Fox News, which spent years flattering Dxxxx Txxxx and his fictions, is finishing what it started. The network that first helped bring Txxxx to political power is now working—despite a fair election that seems poised, as of this writing, to be won by his opponent—to keep him there. Fox’s popular prime-time opinion programs, throughout this week, have functioned as a Txxxx-campaign ad by another means. But last night’s shows reached a dangerous new low. The Fox News Channel, this week, had the opportunity to reckon with reality; instead, the network chose to mislead its viewers about the state of the election, and to foment mistrust in the workings of the American electoral system more broadly. It chose the fate of Dxxxx Txxxx—and the ratings that come from the viewers who love him—over the fate of American democracy.

“As poll workers continue to slowly tabulate results,” Sean Hannity said last night, “we have serious reports of irregularities and fraud and not allowing vote counters to observe counting. Which is a matter of law. And they continue to come in, these reports, from all over the country.”

The reports have been coming from the Txxxx campaign itself. They have not been validated. They have been, in some cases, thoroughly debunked. “Txxxx,” The Washington Post noted yesterday, in an extensive summary of his campaign’s long-running attempts to claim voter fraud where there is none, “has offered no evidence that the election’s integrity has been compromised, and none has been found. In fact, cybersecurity experts in the Txxxx administration and local officials say the process has been smooth despite the unusual historic circumstance of a deadly pandemic.”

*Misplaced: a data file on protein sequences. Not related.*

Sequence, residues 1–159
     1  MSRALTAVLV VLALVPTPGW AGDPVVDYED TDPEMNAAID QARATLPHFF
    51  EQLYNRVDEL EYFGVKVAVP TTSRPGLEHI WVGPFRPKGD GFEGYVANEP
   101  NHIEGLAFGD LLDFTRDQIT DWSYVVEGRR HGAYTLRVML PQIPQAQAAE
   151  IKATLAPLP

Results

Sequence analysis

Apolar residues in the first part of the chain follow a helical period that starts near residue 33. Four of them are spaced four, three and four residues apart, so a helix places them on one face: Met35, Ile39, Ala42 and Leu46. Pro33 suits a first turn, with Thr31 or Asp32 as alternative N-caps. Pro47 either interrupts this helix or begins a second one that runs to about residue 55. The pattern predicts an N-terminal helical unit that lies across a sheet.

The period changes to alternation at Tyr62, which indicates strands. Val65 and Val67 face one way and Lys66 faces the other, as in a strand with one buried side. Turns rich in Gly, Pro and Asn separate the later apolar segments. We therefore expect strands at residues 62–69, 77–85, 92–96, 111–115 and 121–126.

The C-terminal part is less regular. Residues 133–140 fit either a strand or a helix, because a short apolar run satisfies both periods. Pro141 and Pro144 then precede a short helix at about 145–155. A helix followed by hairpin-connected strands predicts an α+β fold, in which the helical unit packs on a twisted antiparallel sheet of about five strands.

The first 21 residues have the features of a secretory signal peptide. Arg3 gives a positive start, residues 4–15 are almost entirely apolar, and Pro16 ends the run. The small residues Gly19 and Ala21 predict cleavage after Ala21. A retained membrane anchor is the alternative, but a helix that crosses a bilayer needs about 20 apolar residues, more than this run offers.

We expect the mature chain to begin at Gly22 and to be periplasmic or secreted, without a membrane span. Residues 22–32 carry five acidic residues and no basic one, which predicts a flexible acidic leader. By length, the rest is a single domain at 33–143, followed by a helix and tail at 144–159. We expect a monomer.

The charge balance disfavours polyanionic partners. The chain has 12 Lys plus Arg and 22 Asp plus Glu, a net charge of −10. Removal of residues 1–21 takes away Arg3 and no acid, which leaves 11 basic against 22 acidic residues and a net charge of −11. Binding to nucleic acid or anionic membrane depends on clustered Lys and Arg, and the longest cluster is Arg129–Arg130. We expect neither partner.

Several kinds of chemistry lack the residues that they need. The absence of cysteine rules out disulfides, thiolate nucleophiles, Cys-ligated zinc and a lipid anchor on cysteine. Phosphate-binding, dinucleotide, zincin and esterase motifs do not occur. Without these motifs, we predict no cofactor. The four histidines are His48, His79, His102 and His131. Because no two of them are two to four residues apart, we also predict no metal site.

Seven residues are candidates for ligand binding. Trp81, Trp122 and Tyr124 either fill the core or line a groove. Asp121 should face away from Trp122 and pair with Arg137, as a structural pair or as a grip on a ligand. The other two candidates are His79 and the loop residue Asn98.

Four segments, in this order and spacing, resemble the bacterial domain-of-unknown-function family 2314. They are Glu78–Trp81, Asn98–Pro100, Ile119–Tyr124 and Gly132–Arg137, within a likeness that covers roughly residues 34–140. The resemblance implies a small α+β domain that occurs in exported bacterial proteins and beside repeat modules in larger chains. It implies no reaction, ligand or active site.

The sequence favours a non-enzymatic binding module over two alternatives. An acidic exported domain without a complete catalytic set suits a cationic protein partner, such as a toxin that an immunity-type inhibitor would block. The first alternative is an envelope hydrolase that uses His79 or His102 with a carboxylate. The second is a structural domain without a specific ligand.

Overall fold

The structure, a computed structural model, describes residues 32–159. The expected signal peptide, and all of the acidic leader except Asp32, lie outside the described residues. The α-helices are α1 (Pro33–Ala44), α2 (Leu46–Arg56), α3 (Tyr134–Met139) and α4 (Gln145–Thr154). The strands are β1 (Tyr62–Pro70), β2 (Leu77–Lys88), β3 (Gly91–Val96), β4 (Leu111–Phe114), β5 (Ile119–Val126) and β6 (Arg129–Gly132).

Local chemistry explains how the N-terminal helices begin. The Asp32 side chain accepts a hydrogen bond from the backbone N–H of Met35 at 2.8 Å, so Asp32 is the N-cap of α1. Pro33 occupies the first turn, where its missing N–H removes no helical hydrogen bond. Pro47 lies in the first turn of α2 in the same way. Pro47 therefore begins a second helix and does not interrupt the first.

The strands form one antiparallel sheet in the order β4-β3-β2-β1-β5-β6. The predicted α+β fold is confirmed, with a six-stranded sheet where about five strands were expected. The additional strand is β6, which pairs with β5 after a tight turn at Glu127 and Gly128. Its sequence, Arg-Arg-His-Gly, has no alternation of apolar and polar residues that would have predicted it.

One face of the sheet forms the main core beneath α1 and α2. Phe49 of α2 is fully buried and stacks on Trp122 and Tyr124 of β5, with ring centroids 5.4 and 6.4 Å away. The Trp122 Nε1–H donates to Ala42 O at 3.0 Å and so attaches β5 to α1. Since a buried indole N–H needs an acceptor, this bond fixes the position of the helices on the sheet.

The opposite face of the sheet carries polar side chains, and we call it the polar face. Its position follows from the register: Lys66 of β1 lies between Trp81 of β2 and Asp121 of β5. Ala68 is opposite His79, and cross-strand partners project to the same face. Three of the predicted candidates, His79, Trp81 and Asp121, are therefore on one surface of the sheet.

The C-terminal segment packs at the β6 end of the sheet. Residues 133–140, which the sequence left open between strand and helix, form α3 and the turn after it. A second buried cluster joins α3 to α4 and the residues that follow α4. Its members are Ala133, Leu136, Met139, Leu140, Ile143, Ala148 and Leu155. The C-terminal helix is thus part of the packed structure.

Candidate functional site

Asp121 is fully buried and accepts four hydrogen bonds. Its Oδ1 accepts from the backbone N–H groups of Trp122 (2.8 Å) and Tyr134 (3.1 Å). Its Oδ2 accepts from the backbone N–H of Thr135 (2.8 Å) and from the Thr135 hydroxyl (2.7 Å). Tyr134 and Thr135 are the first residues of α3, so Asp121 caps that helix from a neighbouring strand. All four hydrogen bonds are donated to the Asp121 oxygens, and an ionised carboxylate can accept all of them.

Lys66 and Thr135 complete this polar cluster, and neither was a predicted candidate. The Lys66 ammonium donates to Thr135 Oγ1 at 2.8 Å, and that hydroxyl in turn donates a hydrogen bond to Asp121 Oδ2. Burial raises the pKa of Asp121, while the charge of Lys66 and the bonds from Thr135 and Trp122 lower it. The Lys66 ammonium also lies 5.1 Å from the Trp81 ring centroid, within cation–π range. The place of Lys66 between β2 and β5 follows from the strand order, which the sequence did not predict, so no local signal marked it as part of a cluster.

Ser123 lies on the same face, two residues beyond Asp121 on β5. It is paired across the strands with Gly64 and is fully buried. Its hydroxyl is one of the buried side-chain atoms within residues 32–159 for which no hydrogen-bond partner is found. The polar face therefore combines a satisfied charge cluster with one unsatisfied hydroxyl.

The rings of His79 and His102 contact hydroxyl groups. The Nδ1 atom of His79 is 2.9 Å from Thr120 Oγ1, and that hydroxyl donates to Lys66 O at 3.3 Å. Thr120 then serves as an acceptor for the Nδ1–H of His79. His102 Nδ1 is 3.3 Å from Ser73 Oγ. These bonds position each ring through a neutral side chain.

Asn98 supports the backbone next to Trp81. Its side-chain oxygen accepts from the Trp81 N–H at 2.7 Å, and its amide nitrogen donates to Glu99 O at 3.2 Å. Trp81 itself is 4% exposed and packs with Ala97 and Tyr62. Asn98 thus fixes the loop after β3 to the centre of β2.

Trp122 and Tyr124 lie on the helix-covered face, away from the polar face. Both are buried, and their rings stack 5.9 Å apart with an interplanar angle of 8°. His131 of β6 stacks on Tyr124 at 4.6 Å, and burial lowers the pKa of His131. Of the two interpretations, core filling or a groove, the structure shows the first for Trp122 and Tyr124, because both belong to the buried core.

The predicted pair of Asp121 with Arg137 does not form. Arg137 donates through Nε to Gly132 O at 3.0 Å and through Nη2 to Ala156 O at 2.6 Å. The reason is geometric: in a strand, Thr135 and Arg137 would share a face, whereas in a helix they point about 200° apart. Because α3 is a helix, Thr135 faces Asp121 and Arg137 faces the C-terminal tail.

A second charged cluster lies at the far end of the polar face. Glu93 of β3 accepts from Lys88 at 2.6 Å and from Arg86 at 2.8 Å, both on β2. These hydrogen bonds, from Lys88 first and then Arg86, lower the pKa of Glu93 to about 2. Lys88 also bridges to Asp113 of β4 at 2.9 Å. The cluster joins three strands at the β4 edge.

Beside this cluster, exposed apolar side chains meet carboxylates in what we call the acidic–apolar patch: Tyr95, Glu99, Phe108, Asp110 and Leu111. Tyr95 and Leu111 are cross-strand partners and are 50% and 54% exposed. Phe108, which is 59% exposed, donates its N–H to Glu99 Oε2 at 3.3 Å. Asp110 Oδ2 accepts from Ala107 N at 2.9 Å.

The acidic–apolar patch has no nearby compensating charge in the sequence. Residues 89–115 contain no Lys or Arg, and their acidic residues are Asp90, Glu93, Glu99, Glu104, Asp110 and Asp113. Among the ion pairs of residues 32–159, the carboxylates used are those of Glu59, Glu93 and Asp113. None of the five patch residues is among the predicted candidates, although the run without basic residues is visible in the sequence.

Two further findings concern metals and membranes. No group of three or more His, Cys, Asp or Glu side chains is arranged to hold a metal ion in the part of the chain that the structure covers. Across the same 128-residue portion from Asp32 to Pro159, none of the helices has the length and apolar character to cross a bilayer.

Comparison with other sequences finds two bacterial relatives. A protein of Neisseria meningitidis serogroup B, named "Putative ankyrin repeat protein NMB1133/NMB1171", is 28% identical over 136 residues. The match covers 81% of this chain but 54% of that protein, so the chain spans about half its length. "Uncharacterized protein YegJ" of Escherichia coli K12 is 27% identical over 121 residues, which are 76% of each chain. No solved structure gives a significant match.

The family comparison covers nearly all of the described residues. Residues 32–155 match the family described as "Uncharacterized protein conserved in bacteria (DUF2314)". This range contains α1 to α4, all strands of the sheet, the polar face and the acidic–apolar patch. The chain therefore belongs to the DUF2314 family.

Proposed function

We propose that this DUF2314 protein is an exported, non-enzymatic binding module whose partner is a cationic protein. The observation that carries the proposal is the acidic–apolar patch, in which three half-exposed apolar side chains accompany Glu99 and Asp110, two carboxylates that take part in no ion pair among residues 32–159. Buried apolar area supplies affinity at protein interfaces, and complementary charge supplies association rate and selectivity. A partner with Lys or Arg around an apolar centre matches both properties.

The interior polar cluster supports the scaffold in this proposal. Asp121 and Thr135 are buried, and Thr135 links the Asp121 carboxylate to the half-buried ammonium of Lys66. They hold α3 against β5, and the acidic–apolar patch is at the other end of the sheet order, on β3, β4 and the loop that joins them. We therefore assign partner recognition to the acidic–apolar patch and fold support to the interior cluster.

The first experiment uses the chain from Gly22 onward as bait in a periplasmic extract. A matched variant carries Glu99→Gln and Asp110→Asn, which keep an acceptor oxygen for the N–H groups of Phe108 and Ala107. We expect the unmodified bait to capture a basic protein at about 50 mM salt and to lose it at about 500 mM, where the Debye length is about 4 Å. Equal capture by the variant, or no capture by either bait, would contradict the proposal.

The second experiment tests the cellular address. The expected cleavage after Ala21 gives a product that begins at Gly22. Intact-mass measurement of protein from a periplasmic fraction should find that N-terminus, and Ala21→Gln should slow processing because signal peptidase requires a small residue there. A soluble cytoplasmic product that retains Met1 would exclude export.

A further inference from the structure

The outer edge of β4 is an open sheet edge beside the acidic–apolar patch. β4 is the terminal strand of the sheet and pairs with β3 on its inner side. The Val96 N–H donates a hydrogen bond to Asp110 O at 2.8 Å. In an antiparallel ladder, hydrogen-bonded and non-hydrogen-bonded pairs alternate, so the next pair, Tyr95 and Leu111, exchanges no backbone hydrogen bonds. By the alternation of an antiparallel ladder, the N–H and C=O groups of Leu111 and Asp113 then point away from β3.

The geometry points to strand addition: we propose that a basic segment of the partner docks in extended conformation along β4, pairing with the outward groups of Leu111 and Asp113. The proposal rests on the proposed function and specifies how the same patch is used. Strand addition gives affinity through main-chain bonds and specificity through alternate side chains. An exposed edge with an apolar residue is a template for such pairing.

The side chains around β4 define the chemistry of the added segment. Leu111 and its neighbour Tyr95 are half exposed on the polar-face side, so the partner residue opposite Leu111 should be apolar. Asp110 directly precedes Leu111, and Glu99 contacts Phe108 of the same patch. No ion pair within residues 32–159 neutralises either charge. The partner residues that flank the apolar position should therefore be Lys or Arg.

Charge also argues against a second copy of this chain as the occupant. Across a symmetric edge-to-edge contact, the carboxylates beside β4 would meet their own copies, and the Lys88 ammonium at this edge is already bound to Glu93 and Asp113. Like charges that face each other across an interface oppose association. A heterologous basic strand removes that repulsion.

That did not stop the misinformation on the news network. On Wednesday evening, Laura Ingraham—who had spent part of the day in the White House with the Txxxx campaign—claimed that Democrats were trying to “destroy the integrity of our election process with this mail-in, day-of registration efforts, counting after the election is over, dumping batches of votes a day, two days, maybe even three days after an election.”